Jackie is home for a visit – but it doesn’t go well

By admin
10 December 2013

Jackie comes home for a weekend for the first time since the car accident. He refuses to believe it’s his house and throws bottles at his family when they try to help him, shares Michelle Fourie in her blog about life with her brain-damaged husband.

Jackie in his wheelchair. We take him outside more at the rehab and Ruben enjoys sitting on his lap. Jackie in his wheelchair. We take him outside more at the rehab and Ruben enjoys sitting on his lap.

After Jackie has spent eight weeks in rehab it’s decided he can come home for the weekend. This is the first step towards coming home permanently.

The aim is to gradually familiarise him with his home environment and get us used to what we can expect when he comes home permanently.

Our domestic worker, Sophie Sibanyoni, and I are trained in the use of the wheelchair. We rearrange the décor in the house to make things easier for Jackie. He still can’t climb stairs and we turn the dining room into a bedroom.

Sophie Sophie

We’re excited but fearful when we fetch him on Friday afternoon. I want to get home as soon as possible. I’m sure something will click when he sees the house, the dogs and the familiar surroundings.

What disillusionment.

He doesn’t know where we are and nothing is familiar. He won’t believe it’s our house and everything we tell him he regards as lies. He’s convinced we’re trying to fool him.

I realise on the first night it will be a difficult weekend. He moves around like a child who has recently learnt to walk. His balance is still bad and he runs from wall to wall to avoid falling over. The wheelchair is impractical in the limited space in our house.

I must change his nappy for the first time and he lies down obediently like a baby to enable me to do so.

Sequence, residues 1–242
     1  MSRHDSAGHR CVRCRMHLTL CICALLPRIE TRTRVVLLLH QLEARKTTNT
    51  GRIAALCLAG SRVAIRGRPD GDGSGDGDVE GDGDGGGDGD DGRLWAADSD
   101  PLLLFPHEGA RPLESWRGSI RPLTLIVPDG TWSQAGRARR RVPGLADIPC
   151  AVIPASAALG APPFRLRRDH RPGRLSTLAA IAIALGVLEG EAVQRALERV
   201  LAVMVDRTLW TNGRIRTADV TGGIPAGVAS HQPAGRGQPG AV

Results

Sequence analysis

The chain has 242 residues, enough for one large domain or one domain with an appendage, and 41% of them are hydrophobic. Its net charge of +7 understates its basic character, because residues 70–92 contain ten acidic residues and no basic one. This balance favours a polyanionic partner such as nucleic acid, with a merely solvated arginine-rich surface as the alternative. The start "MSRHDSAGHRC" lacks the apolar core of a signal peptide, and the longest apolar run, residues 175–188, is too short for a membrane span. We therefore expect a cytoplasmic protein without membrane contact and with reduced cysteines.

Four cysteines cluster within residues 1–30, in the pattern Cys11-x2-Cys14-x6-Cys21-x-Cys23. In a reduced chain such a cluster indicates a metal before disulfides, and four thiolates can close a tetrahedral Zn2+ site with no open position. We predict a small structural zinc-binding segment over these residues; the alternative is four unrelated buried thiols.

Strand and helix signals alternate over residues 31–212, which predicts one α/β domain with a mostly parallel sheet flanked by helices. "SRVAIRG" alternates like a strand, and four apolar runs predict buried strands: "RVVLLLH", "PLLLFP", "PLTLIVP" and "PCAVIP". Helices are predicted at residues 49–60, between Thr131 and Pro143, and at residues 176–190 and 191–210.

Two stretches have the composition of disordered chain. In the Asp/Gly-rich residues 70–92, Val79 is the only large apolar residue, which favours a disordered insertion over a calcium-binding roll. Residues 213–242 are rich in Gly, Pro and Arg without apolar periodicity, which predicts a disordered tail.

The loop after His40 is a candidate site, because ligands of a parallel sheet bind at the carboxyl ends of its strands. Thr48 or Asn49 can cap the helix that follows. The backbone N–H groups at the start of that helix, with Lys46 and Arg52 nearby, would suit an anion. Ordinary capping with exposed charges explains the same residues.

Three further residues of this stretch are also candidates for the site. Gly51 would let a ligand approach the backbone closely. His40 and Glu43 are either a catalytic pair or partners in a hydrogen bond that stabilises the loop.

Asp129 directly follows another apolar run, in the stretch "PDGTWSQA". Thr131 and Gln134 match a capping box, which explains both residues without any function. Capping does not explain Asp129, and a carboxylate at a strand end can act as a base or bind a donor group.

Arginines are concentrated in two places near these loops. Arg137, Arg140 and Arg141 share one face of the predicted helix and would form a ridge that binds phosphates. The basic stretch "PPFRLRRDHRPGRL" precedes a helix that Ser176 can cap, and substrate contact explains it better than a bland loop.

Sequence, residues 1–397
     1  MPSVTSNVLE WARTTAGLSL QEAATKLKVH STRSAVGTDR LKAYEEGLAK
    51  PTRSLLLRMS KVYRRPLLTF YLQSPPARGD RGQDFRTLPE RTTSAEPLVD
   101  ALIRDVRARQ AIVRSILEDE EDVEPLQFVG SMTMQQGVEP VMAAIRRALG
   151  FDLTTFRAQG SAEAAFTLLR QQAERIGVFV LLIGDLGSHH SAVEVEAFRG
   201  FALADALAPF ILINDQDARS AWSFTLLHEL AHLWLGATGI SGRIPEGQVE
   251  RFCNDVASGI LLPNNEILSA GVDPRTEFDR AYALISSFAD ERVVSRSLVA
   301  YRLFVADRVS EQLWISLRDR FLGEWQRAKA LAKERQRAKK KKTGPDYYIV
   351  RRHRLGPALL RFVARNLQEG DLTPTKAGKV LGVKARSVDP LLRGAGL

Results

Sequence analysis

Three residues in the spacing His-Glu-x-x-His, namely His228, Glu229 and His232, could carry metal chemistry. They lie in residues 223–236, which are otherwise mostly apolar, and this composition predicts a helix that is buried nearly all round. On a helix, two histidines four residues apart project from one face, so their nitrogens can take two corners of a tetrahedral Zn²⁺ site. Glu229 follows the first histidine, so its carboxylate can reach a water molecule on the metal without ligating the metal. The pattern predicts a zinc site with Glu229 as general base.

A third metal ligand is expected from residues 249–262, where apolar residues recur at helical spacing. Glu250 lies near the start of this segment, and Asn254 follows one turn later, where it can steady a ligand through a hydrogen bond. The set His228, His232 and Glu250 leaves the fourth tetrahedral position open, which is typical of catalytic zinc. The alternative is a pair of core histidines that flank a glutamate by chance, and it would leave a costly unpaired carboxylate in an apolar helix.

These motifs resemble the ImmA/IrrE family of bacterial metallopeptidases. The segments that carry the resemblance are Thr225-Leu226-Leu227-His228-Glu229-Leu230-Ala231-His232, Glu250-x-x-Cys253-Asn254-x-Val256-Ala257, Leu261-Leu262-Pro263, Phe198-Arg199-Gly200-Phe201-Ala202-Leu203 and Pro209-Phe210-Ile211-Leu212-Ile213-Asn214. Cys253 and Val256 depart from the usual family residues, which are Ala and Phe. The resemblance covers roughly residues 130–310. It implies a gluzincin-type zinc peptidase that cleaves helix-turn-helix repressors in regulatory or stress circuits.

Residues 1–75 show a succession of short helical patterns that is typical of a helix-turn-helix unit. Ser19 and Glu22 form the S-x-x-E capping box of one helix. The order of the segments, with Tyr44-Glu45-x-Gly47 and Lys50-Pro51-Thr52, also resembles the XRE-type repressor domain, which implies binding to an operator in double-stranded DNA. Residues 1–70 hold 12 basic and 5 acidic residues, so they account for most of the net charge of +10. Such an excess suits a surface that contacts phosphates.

He continually asks what happened to him. When we tell him he doesn’t believe us. He shouts at our son Jacques (15). We show him photographs of the accident scene and he accuses us of doctoring them.

Jacques Jacques

He eats as if he’s starving. After three minutes he asks for more food because he’s hungry. He can’t remember that he’s just eaten a whole plate of food.

We’re afraid he’ll put somethig in his mouth and choke on it, so we remove all small objects.

I sleep on a mattress in front of his bed . . . or rather, I’m awake on the mattress in front of his bed. I’m afraid he’ll get up during the night and leave.

He now talks all the time, but terribly disjointedly, and is paranoid about everything. His brain doesn’t switch off for a moment.

I realise he won’t respond well when I have to take him back to rehab on Sunday night. By Sunday we’re wrecks. The kids, Jacques and Ruan (7), are disillusioned and I’m positively faint. Jackie is more than a handful.

Sophie stays with me because without her I’m not going to make it. I realise this that first weekend.

It’s difficult to get Jackie bathed, but eventually he’s clean and dressed so we can take him back to rehab. He’s convinced I’m taking him back to war and refuses to get into the bakkie. He throws bottles at us and poor Jacques gets shouted at when he tries to help Jackie get in. He tackles Jacques with power I can’t decribe. I feel so sorry for my child, who has to experience this. Ruan is afraid and says nothing.

'He throws bottles at us and poor Jacques gets shouted at when he tries to help Jackie'

Eventually we get him into the bakkie and barely stop at robots and stop streets and the child locks are on to prevent him jumping out.

At rehab he won’t get out and shouts at us. I’m so relieved we got there in one piece that I shout back, like a mother scolding her child.

Eventually he’s back in his bed, calm, as if he again feels safe in his space.

Back in the bakkie I sit and cry, relieved that he’s back. We’re disillusioned and traumatised by the weekend visit.

If that’s how our lives will be in future I’m starting to run away now. But where to . . . and what about my children?

Lord, please help us.

Life goes on in the midst of the chaos in which we find ourselves. While Jackie is in rehab Ruben plays his first mini-rugby match. My heart breaks because Jackie can’t share it with us. Here’s Ruben on his way to the tryline. Life goes on in the midst of the chaos in which we find ourselves. While Jackie is in rehab Ruben plays his first mini-rugby match. My heart breaks because Jackie can’t share it with us. Here’s Ruben on his way to the tryline.

Michelle Fourie-Michelle

* Michelle Fourie lives in Pretoria, where she has a thatch-roofing business. She blogs weekly for YOU about how her and her family’s live changed when her husband sustained irreversible brain damage.

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